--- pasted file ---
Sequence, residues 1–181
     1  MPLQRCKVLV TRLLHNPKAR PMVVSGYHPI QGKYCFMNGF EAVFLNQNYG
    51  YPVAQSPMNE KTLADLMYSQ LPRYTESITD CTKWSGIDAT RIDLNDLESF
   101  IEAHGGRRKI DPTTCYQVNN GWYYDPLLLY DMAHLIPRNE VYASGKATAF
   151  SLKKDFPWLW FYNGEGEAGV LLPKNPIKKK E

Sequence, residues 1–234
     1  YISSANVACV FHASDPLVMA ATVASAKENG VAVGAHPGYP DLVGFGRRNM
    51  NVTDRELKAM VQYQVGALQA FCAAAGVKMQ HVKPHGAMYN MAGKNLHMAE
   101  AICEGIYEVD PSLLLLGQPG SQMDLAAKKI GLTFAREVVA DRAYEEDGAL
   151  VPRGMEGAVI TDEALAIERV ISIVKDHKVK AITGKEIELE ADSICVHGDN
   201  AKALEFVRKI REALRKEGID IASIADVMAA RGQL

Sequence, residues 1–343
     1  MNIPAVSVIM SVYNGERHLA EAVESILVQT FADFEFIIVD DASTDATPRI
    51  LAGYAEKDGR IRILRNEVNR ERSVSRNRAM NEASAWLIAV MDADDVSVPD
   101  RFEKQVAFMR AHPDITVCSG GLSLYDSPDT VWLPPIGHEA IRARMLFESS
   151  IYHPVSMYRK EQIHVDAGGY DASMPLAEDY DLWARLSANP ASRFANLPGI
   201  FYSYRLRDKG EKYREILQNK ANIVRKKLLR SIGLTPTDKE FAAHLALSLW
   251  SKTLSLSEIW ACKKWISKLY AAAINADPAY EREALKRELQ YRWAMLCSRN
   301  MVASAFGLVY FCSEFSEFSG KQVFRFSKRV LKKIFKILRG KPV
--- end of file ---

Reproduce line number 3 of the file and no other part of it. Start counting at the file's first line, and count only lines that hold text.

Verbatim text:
    51  YPVAQSPMNE KTLADLMYSQ LPRYTESITD CTKWSGIDAT RIDLNDLESF